James Hamlyn Willis

James Hamlyn "Jim" Willis (28 January 1910 – 10 November 1995) was an Australian botanist.[1] He described 64 new species of plants, and published more than 880 works including the landmark two-volume A Handbook to plants in Victoria between 1962 and 1973.[2]

James Hamlyn Willis
Born(1910-01-28)January 28, 1910
DiedNovember 10, 1995(1995-11-10) (aged 85)
ResidenceAustralia
NationalityAustralian
Alma materUniversity of Melbourne
Scientific career
FieldsBotany
InstitutionsNational Herbarium of Victoria
Author abbrev. (botany)J.H.Willis

Life

Willis was born in Oakleigh, Victoria in 1910.[1] In 1913 he moved with his family to Stanley on the northern coast of Tasmania, Australia, where they remained until returning to Victoria in 1924. He attended Melbourne High School and in 1928, following receipt of a scholarship, began studies at the Victorian School of Forestry in Creswick, graduating with a Diploma of Forestry in 1930. For the next seven years he was employed by the Forests Commission of Victoria as a forest officer.[2]

In 1937 Willis joined the National Herbarium of Victoria and commenced studies at the University of Melbourne, graduating with a Bachelor of Science (Honours) in 1940.[2] Between 1958 and 1959, he held the position of Australian Botanical Liaison Officer at the Royal Botanic Gardens, Kew, and in 1961 he was appointed as Assistant Government Botanist for Victoria.[2] Between 1970 and 1972, he was the Acting Director of the Royal Botanic Gardens, Melbourne.[2]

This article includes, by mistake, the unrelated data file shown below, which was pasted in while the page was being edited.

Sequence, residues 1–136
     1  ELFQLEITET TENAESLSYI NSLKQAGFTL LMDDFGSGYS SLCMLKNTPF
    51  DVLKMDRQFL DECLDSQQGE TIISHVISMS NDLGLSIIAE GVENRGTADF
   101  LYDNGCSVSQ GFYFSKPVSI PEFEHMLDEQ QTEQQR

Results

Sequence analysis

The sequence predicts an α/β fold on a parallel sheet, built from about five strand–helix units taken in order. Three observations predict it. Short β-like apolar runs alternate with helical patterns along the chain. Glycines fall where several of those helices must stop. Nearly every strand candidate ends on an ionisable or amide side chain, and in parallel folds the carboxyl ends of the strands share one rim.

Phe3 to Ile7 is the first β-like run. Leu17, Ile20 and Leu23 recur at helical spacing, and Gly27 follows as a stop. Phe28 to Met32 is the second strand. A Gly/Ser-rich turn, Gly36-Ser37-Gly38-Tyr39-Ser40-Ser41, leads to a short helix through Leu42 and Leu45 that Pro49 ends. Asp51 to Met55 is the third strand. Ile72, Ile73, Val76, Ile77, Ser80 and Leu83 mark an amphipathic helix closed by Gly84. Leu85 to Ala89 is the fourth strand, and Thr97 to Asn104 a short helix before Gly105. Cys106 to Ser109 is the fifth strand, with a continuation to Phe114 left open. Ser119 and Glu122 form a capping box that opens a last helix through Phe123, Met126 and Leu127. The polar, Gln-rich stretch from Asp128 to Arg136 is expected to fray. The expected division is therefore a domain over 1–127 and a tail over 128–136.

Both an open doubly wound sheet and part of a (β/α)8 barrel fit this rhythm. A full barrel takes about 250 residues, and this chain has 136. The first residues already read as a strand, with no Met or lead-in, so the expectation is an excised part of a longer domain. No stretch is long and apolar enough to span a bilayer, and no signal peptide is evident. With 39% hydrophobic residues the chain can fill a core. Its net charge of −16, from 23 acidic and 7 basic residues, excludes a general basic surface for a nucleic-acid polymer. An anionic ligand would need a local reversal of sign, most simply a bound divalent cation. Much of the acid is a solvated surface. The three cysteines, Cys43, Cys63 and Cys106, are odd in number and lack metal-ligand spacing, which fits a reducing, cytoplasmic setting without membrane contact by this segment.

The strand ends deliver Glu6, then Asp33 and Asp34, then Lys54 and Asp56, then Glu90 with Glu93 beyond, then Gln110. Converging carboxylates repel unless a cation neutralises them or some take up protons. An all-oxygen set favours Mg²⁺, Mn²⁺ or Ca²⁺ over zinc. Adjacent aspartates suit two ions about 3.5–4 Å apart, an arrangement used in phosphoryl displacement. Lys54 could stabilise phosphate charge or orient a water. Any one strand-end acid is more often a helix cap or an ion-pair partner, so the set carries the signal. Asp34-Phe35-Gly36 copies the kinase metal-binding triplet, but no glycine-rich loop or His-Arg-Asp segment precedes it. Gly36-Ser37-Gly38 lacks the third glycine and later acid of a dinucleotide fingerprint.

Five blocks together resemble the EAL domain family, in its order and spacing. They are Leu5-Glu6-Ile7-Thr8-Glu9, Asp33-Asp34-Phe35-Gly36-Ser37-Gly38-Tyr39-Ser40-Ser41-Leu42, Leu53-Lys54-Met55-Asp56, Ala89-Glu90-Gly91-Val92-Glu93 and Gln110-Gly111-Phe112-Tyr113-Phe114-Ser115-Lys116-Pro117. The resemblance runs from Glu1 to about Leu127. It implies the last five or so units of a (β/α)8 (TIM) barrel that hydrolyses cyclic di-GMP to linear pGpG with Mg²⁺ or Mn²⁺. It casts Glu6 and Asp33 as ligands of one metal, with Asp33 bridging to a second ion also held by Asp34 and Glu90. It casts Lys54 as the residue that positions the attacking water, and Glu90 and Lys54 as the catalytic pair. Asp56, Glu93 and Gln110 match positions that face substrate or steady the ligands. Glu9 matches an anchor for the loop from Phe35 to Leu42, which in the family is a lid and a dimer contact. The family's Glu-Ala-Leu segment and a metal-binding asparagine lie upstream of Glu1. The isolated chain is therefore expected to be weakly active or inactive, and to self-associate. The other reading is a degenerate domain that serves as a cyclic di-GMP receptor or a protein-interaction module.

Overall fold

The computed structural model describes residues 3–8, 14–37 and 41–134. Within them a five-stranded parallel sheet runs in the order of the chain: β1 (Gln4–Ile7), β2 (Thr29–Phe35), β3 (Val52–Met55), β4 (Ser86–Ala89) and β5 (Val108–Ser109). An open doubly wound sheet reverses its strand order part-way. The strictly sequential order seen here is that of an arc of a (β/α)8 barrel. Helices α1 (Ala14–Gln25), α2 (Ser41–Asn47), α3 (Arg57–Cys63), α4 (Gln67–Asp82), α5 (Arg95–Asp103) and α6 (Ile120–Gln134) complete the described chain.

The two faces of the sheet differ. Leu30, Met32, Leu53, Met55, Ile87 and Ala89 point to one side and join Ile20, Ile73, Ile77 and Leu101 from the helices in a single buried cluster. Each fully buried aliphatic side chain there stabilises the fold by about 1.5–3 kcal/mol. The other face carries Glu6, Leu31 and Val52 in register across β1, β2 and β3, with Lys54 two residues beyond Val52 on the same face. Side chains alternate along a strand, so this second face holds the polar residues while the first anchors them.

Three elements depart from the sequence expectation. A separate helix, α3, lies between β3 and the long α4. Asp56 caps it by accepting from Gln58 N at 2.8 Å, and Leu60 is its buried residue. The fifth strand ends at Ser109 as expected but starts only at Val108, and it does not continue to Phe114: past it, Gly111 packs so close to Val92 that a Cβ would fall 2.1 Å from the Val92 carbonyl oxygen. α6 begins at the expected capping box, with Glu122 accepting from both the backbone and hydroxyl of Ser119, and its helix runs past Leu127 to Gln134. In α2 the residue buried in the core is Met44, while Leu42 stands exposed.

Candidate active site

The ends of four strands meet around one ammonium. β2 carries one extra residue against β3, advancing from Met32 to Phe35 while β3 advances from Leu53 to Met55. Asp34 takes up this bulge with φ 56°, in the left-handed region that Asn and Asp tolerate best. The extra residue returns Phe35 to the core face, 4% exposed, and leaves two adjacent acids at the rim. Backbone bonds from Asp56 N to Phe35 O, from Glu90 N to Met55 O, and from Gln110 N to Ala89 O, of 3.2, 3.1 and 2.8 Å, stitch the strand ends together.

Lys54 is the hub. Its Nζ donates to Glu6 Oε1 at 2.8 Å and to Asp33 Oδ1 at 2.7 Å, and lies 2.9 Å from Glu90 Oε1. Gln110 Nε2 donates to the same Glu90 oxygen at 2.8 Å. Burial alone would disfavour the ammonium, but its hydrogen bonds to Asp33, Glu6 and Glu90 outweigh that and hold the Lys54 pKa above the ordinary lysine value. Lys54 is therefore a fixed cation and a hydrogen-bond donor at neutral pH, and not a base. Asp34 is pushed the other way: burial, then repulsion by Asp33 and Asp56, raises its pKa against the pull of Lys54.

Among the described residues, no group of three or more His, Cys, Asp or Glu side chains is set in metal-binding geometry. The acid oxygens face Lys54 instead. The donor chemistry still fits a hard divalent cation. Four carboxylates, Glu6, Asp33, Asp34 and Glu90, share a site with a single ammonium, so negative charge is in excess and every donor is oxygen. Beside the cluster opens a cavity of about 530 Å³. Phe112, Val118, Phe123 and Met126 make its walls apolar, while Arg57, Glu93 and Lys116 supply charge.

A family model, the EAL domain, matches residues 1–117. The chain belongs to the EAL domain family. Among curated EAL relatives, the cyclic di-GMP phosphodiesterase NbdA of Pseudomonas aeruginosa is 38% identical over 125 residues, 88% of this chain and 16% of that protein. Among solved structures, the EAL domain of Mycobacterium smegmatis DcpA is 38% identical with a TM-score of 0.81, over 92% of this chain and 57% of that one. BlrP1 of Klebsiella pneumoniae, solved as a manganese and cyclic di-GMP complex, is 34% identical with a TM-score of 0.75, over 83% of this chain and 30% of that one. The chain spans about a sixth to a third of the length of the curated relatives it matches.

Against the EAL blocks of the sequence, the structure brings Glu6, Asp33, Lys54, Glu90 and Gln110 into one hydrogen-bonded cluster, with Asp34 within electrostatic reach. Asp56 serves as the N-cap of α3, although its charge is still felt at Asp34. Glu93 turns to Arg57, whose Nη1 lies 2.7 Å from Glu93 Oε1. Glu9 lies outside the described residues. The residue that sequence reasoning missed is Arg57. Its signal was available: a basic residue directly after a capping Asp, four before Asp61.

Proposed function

Recognition

In addition you having named new species himself, a species of eucalypt is named after him; Eucalyptus willisii.

Following Willis' death in 1995, from 1996 onwards, the National Herbarium of Victoria has hosted the Jim Willis Studentship in his honour. This is a competitive eight week programme held during the summer where students gain research experience working on a specific research project under the supervision of a herbarium research staff member.[3]

In 2000, the Gladstone Bag belonging to Willis used to collect specimens on his many field expeditions was uncovered in extraordinary circumstances. It is now part of the Victorian School of Forestry museum collection at Creswick[4]

References

  1. "Willis, James Hamlyn (1910 - 1995)". Encyclopedia of Australian Science. Retrieved 2010-04-25.
  2. "Provenance 1 - James Hamlyn Willis". Encyclopedia of Australian Science. Australian Science and Technology Heritage Centre. Retrieved 2010-04-25.
  3. "Summer science at the Gardens – Jim Willis Studentships". Royal Botanic Gardens Victoria. 9 October 2013. Retrieved 29 December 2017.
  4. "Jim Willis's Gladstone bag" (PDF).
  5. IPNI.  J.H.Willis.
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